Master of Indian Sarod stages Cairo playing Indian classical music



Sat, 10 Mar 2018 - 11:35 GMT


Sat, 10 Mar 2018 - 11:35 GMT

 Ustad Amjad Ali Khan performing at sixth India by the Nile festival – Photo by Fatma Khaled

Ustad Amjad Ali Khan performing at sixth India by the Nile festival – Photo by Fatma Khaled

CAIRO – 10 March 2018: As the dawn approached the weekend upon Cairo’s busy streets legendary Indian Sarod player and musician Ustad Amjad Ali Khan launched the first music performance of the annual “India by the Nile” festival on Thursday, playing some of the well known Indian classical music at the Arab Music Institute in Cairo.

The Indian ambassador in Cairo Sanjay Bhattacharyya attended the concert as Khan led a joint performance with other two percussionists. Khan has a distinguished career of modernizing a special technique in playing the sarod, an Indian instrument, over six decades.

Indian ambassador in Cairo Sanjay Bhattacharyya during his opening speech – Photo by Fatma Khaled

“India by the Nile showcases the Indian cultural heritage, while also exhibiting the interests it shares with Egypt including music. The festival also features contemporary developments in arts and culture which is very often lost along other parts of art because of the very loud pop culture,” Indian ambassador in Cairo Sanjay Bhattacharyya told Egypt Today.

He also added that Khan is the seventh generation of musicians playing the same instrument and he is often called the maestro of Sarod. The Grammy-nominated musician has won many prestigious awards including the Crystal Award at the World Economic Forum, UNICEF’s National Ambassadorship, and the recent Global Music Award Gold Medal which he won for his contribution to the global music industry and his strong presence in the classical music sphere.

Khan considers his audience to be the soul of his motivation, he previously stated that there are no differences between classical and popular music saying on his official website, “Music is music. I want to communicate with the listener who finds Indian classical music remote."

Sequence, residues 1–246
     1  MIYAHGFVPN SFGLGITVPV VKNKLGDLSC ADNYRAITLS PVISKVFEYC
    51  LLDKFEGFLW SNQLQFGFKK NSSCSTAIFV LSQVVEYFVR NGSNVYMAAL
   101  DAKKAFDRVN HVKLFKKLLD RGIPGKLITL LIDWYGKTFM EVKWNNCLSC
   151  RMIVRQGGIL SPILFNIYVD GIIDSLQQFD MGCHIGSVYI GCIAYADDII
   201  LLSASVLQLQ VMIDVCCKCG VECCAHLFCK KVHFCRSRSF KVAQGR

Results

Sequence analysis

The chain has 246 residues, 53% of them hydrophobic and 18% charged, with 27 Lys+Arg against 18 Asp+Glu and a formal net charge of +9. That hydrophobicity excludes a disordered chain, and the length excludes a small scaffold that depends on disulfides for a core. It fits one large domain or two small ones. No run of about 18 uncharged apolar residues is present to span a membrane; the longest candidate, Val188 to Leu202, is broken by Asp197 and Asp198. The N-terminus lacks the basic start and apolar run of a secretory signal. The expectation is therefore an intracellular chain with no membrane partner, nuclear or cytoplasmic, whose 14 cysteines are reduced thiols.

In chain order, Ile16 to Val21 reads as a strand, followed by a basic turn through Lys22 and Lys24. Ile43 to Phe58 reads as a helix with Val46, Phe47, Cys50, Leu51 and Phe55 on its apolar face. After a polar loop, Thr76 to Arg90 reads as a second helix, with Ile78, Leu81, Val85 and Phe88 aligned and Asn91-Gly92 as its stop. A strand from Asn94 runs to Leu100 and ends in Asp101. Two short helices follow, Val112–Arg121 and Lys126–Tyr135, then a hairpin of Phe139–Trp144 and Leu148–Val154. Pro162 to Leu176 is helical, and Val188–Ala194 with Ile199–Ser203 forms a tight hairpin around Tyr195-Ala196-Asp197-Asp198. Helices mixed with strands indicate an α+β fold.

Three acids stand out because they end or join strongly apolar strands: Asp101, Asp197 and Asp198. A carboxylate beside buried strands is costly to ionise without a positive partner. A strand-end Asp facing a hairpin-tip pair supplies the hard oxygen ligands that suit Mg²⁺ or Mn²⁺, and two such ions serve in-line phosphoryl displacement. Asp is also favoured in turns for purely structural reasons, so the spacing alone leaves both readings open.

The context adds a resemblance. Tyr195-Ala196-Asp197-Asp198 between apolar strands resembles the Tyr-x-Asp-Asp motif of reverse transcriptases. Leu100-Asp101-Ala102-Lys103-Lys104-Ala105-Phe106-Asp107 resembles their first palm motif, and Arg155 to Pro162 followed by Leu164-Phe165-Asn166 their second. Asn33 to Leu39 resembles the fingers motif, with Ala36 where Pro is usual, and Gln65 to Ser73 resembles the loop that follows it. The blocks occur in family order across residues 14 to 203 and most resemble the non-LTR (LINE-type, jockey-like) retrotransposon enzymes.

Indian classical music performance at sixth India by the Nile festival – Photo by Fatma Khaled

He has collaborated with international musicians on various compositions including a piece he composed for the Hong Kong Philharmonic Orchestra called “Tribute to Hong Kong” among others. Khan is also well known for composing the signature tune for the 48th International Film Festival.

The ambitious musician has a packed portfolio of artistic achievements including writing his first book “My Father, Our Fraternity” which was released in 2012 featuring his rich classical music tradition from the twentieth century to this day and his personal journey he shared with his tutor and father Hafiz Ali Khan who was a prominent Sarod icon.

“Mr. Amjad Ali Khan is one of the best musicians in the Indian classical music which depicts variance as he is able to display tone and music quality through this instrument Sarod. Khan is very absorbed and focused in tune when he plays the Sarod, exhibiting a unique style that carries a special essence if he plays the same melody, the variations are always different,” Lalit Jethwani, one of the Indian attendees of the classical music concert for Khan told Egypt Today on Thursday.

Jethwani plans to attend all the music performances including the Sufi concert partaking the festival’s sixth edition, describing it as a “major highlight” for him. He believes there are many common aspects between Egypt and India including the mentality, legends, folk traditions, and myths saying “there is hardly anything that separates the Indian and Egyptian cultures, we are two great civilizations coming together to share music, art, and photography. The festival is celebrating these similarities, cultural diversity and bond between the two countries.”

“Egypt and India share common strong folklore music and tradition. Indian art features very deep accomplishments in classical context,” added Bhattacharyya commenting on the similarities between Indian and Egyptian cultures.

He pointed out that Indian art is often inspired by the gesture language in the Natya-shastra which is a 2,500 year old principles adapted by all traditional Indian dances, theater and folk performers.

Indian classical music performance at sixth India by the Nile festival – Photo by Fatma Khaled

India and Egypt has previously collaborated on joint artistic projects including a street art festival where Egyptian contemporary artist Mohamed Abla has taught arts to children in Zamalek.

“We also worked together in the field of music; for instance last year we brought an Indian violinist who cooperated with an Egyptian harpist from the Cairo Orchestra Symphony,” Bhattacharyya added.

A fan of the Egyptian Sufi music and Egyptian folk puppet theater conducted in Upper Egypt and delta, Bhattacharyya announced that both countries will also be collaborating in a new artistic project launching in November revolving around promoting handicrafts in the market through a major exhibition that will be held in Cairo.

One of the interviews in this article is conducted by one of Egypt Today’s reporters Ahmed Abayazid



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